Drinking water in California is so watery it could make a movie about it.
A study released Wednesday found California has among the highest levels of fluoride in the country.
“California is a state with a particularly high concentration of fluoride, and a disproportionate amount of that fluoride is in drinking water,” said the study, published in the journal Environmental Health Perspectives.
“In this study, we found that California residents in the San Joaquin Valley and northern San Francisco Bay area had higher levels of total fluoride than people living in the rest of the state.”
Fluoride levels in drinking waters of the San Francisco-Oakland-San Jose metropolitan area ranged from 0.4 milligrams per liter (mg/L) to 1.7 mg/L.
The highest concentration was in the Oakland-San Leandro-Tustin area, with 0.76 mg/l.
The lowest was in Alameda-Alameda County, with less than 0.07 mg/dl.
In the study area, more than 9 million people were living in homes with a tap water supply, the highest concentration in the state.
The study found the majority of the fluoride in drinking supplies was in tap water, which was not surprising, said study author Daniel J. Lehner, an epidemiologist at the University of California, San Francisco.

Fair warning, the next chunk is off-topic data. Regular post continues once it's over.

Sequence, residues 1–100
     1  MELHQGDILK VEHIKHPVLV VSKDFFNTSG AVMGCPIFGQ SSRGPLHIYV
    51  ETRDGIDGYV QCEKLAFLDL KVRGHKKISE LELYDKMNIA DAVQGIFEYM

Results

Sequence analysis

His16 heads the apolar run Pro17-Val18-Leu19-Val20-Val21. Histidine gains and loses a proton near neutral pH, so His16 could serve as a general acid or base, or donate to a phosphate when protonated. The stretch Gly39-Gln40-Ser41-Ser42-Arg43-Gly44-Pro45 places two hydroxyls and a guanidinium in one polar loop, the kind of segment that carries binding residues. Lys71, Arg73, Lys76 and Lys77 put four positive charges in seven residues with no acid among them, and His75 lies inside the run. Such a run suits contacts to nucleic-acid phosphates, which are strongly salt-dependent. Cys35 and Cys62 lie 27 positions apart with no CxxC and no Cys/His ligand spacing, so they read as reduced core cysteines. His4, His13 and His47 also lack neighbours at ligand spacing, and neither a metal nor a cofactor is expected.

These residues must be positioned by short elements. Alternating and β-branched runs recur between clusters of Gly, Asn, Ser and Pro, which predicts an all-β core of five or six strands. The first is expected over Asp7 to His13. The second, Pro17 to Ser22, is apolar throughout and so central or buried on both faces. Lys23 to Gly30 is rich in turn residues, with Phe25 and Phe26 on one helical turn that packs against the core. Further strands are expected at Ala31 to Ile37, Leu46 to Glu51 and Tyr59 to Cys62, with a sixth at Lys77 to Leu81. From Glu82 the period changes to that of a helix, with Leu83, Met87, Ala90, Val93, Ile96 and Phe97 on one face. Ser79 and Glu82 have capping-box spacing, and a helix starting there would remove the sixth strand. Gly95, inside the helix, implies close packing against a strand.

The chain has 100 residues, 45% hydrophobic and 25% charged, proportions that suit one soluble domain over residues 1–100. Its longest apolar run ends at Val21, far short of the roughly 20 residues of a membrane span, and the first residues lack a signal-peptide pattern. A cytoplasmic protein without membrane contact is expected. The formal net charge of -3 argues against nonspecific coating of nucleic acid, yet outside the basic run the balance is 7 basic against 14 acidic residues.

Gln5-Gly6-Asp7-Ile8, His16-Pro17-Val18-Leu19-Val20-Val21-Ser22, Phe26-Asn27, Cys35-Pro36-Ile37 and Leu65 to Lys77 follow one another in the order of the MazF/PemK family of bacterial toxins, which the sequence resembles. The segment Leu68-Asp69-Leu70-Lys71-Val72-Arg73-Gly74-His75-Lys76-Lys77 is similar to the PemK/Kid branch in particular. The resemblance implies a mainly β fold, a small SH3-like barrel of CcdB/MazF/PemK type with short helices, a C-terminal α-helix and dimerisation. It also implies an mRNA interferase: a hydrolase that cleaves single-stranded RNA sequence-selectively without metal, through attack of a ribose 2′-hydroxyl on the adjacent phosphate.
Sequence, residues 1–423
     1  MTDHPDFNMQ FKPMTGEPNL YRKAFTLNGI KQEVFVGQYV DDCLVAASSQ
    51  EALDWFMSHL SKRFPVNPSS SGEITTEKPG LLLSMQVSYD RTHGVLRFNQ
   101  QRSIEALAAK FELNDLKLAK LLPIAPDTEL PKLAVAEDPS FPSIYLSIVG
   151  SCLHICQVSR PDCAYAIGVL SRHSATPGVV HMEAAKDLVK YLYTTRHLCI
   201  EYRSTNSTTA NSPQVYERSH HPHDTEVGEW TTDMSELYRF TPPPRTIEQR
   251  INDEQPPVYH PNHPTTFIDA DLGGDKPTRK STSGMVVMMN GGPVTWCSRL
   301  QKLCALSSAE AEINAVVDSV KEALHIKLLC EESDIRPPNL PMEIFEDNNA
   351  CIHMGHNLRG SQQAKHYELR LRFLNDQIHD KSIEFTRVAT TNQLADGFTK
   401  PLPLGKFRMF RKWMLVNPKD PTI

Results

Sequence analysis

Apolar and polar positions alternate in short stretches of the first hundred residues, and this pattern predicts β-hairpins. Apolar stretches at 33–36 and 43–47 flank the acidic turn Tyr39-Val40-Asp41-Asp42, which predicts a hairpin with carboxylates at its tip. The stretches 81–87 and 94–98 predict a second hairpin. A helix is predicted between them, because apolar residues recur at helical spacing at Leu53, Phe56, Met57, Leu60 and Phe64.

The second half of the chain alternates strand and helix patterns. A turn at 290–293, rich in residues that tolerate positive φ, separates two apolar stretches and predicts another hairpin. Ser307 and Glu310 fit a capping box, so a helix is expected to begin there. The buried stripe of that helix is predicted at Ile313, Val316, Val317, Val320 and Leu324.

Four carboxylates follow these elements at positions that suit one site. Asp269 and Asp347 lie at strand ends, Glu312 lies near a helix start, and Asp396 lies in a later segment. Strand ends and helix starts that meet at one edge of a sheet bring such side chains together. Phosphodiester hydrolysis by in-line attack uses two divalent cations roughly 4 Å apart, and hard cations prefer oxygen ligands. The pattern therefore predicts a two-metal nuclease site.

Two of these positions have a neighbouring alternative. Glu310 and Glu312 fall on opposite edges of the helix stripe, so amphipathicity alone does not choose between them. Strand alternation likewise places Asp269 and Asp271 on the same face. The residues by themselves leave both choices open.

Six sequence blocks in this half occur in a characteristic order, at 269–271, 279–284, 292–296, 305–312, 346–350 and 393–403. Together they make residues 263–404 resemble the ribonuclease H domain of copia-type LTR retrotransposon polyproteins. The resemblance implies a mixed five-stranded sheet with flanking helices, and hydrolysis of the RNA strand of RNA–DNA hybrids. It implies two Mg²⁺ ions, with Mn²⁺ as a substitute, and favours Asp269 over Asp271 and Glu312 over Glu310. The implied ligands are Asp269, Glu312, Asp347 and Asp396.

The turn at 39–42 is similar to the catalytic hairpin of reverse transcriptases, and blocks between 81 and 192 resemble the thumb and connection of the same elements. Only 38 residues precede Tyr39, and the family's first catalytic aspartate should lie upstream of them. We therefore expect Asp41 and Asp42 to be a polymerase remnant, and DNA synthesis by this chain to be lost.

“In a lot of these cities, they are not getting the amount of fluoride they need,” Lehner said.
“It’s very difficult to get enough water from water systems to get through the filter.”
In the San Diego area, the average fluoride level was 0.6 mg/liter, which is less than the national average.
Lehnert said the California water system has made a lot more progress in recent years.
“We’ve had a number of different water system reforms over the last 10 years, and I think that’s one of the reasons why we’ve been able to get a good water quality picture, he said.
The researchers also found that the average concentration of lead in drinking supply water was 0% of the national level, which they say is a significant problem.
Lead contamination in drinking wells has been linked to several health problems including reduced IQ, behavioral disorders, and ADHD.
Lead is found in soil, groundwater, and drinking water in the U.S., and the California Department of Health and Human Services estimates it has an estimated global population of more than 3.6 billion.
The lead level in water supplies varies widely by state, and is usually higher in urban areas.
The California Department. “
There’s not enough data to know exactly how many people in LA are using fluoridated drinking water to the same extent as other areas,” he said, adding the researchers are studying how fluoridation affects the health of the general population.
The California Department.
of Health & Human Services said in a statement that the state is working with local and federal partners to improve the quality of drinking water and that the California Environmental Protection Agency is also conducting a study of drinking fluoridation levels in the Bay Area.